While the whole world seems to be clued into the Olympics and all the action, we decided to digress a little bit. Here’s a list of some of the world’s lesser-known national sports.
Afghanistan – Buzkashi
Buzkashi is the Afghan national sport. It also played among the south Central Asians such as the Uzbeks, Hazaras, Tajiks, Kyrgyz, Kazakhs, Turkmens and Pashtuns. It is an ancient game played in Afghanistan and dates back to the days of Ghengis Khan. Now, the Afghans are a hardy race and their sports too echo their love for danger and speed. Buzkashi is often compared to polo. Both games are played between people on horseback, both involve propelling an object toward a goal, and both get fairly rough. However, polo is played with a ball, and buzkashi is played with a headless goat carcass. Polo matches are played for fixed periods totalling about an hour; traditional Buzkashi may continue for days, but in its more regulated tournament version also has a limited match time. In some places in Western China, Buzkashi is played but instead of the goat there is the yak buzkashi.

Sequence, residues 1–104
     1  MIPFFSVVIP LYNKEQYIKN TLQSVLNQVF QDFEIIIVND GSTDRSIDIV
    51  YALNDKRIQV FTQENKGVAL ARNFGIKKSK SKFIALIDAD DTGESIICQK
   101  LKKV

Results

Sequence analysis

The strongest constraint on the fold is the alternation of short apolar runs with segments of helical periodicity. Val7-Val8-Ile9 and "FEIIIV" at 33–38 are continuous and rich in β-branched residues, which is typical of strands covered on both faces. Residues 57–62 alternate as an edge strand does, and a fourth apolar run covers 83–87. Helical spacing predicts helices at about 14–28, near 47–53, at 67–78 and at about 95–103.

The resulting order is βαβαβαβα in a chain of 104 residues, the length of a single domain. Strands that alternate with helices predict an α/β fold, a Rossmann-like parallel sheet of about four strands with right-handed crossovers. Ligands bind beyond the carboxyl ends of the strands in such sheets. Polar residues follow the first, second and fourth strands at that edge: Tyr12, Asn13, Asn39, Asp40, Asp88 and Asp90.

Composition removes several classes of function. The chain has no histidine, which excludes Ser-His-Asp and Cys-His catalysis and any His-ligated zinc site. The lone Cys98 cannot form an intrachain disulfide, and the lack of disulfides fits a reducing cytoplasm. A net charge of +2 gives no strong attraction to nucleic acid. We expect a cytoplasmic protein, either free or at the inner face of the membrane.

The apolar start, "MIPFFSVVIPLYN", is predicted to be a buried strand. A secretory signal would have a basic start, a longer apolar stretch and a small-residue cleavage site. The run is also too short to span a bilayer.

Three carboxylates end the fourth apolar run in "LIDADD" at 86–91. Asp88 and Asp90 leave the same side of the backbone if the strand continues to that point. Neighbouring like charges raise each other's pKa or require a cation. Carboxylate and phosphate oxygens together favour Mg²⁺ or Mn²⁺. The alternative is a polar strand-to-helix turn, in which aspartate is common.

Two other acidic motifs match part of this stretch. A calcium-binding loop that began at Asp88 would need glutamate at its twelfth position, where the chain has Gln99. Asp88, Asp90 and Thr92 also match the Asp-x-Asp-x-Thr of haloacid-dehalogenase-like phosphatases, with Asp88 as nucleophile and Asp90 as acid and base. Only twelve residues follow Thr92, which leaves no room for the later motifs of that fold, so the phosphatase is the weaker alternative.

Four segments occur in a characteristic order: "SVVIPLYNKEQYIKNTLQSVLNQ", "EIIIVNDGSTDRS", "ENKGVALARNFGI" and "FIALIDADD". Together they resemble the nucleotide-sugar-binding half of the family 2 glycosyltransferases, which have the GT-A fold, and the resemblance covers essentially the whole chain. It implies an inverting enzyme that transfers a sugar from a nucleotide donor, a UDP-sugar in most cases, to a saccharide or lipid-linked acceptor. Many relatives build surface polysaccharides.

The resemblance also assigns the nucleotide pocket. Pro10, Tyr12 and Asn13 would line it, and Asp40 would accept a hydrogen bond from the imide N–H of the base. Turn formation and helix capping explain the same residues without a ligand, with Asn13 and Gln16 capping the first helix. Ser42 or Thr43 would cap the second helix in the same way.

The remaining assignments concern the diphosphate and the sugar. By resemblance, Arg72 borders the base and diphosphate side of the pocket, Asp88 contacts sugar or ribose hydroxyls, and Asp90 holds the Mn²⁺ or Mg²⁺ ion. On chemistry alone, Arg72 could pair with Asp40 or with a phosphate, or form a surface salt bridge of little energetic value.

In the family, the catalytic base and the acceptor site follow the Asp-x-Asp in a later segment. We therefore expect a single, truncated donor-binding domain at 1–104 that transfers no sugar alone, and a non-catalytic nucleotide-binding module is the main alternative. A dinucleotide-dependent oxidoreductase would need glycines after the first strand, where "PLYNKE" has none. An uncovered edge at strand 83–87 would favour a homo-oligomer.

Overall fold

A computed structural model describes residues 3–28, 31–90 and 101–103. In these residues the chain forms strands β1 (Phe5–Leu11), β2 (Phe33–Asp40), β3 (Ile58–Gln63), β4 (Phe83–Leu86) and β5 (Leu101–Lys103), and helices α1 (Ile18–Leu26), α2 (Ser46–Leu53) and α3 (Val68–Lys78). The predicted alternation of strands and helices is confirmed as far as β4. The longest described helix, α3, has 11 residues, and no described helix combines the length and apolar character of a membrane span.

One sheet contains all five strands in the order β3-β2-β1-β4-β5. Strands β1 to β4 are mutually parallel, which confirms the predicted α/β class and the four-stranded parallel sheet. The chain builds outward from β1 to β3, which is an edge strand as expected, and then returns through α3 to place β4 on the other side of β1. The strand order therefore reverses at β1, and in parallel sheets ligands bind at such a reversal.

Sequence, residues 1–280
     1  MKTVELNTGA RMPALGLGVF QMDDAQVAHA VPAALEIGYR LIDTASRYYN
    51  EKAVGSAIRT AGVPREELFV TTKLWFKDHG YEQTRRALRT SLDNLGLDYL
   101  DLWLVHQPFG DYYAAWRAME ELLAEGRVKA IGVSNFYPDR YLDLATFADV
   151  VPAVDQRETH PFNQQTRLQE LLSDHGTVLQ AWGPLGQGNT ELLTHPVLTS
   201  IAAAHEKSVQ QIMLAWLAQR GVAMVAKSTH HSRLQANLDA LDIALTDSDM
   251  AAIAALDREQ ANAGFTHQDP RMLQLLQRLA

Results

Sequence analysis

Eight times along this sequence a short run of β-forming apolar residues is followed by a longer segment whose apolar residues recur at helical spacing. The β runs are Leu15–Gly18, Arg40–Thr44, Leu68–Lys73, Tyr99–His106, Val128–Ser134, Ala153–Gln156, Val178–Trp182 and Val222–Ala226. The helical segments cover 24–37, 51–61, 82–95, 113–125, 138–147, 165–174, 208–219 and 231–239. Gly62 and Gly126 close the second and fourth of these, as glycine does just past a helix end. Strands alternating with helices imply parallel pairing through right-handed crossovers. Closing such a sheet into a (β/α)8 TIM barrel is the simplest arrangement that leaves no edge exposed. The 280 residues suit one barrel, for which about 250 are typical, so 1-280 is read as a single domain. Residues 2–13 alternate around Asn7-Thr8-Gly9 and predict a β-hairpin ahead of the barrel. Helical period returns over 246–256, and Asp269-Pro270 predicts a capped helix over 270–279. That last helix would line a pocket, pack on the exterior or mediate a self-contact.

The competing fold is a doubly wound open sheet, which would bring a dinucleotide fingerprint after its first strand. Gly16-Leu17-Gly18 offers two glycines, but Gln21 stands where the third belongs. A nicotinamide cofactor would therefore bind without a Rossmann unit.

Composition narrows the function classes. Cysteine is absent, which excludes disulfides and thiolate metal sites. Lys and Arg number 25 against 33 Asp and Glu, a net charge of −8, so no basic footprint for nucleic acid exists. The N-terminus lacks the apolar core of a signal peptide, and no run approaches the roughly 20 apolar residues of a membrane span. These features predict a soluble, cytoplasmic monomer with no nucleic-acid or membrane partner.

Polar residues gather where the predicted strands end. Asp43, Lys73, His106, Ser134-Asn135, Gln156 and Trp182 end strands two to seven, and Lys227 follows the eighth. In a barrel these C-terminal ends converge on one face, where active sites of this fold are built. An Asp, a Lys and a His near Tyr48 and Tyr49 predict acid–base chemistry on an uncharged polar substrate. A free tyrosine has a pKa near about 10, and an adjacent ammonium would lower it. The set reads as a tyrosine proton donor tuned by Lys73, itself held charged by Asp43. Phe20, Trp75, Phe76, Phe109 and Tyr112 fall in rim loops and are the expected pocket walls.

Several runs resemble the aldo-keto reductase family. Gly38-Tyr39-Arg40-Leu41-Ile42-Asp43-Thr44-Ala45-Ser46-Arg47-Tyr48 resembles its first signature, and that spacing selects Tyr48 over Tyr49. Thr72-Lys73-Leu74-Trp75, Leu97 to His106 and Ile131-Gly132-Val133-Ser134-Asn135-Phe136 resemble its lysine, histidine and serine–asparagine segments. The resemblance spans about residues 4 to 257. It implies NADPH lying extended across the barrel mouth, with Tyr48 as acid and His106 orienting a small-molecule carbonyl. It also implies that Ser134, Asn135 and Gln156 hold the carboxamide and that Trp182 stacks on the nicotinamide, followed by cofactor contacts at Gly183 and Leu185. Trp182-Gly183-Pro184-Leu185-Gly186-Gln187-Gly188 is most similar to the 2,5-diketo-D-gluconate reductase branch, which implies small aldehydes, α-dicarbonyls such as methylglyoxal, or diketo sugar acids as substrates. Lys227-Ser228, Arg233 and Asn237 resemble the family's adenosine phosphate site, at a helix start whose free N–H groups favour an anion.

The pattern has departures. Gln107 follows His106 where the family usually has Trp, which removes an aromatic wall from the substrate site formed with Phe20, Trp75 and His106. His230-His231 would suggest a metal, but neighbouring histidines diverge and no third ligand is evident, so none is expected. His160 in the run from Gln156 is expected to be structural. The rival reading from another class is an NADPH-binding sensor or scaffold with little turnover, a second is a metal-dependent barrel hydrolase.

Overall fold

Spain – Bull Fighting
Bull fighting also known as tauromachia or tauromachy is a traditional spectacle of Spain, Portugal, southern France and some Hispanic American countries (Mexico, Colombia, Ecuador, Venezuela and Peru) and the Philippines, in which one or more bulls are baited, and then killed in a bullring for sport and entertainment. This is a show, basically a dance with death —one wrong move and the Matador could become impaled on the horns of the bull. It is the Matador’s job to make this dance dramatic and enjoyable for the audience. The faena continues until the Matador has demonstrated his superiority over the bull. Once this is achieved the bull is ready to be killed. Bullfighting was originally a sport for the aristocracy and took place on horseback. Because of the blood and danger involved in the sport, the number of deaths — to both man and animal increasing every year, the government decided to put an end to it. The last bullfight was held in September 2011 in Barcelona.